Your nonprofit bookkeeping software can automatically generate financial statements for you.

Statement of Financial Position

The statement of financial position is basically a balance sheet for nonprofits. It’s a snapshot of your organization’s financials at any given moment.

A nonprofit organization does not have any owners. So, unlike a balance sheet, there is no “owner’s equity” portion of the financial equation. Instead, the formula for a statement of financial position looks like this:

Assets – Liabilities = Net Assets

You take all your nonprofit’s assets, subtract what you owe, and the net assets express what’s left over.

Statement of Activities

Nonprofit organizations do not have income statements. Instead, they have a statement of activities or an operating statement.

Like an income statement, this financial report will explain how “profitable” your organization was over a given period.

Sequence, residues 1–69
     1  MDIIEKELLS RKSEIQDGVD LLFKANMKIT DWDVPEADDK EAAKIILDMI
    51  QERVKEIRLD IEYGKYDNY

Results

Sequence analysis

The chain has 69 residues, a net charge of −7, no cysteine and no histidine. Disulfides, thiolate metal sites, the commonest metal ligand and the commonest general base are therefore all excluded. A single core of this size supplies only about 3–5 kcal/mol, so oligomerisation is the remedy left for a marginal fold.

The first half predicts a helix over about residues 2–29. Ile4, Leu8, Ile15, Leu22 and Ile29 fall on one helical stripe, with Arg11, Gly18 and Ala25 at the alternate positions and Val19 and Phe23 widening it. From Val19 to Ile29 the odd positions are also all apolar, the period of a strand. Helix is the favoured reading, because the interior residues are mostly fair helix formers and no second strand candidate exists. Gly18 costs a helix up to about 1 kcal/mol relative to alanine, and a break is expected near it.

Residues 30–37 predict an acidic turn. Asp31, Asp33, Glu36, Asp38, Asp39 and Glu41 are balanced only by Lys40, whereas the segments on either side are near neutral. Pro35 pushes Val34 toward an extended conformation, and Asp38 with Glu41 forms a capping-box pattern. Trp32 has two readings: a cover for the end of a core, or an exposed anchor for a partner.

The residual amount from subtracting expenses from revenues flows over to the statement of financial position as net assets which are then classified as net assets without donor restrictions or net assets with donor restrictions.

Cash Flow Statement

As the name implies, a cash flow statement or statement of cash flows tracks all the cash for your organization.

Nonprofit cash flows are very similar to for-profit cash flow statements. It reports the change in an organizations’ cash and cash equivalents for an accounting cycle.

You can read more about cash flow statements in our guide for three financial reports for small business bookkeeping. This will give you additional insight to balance sheets and income statements as well. You can compare these to the nonprofit financial reports.


This beginner’s guide will put you on the right track for nonprofit bookkeeping.

But if you’re still lost or need some assistance, you should consult with an outsourced bookkeeping service specializing in nonprofits. This will give you more time to focus on your organization’s mission and less time worrying about the accuracy of your books.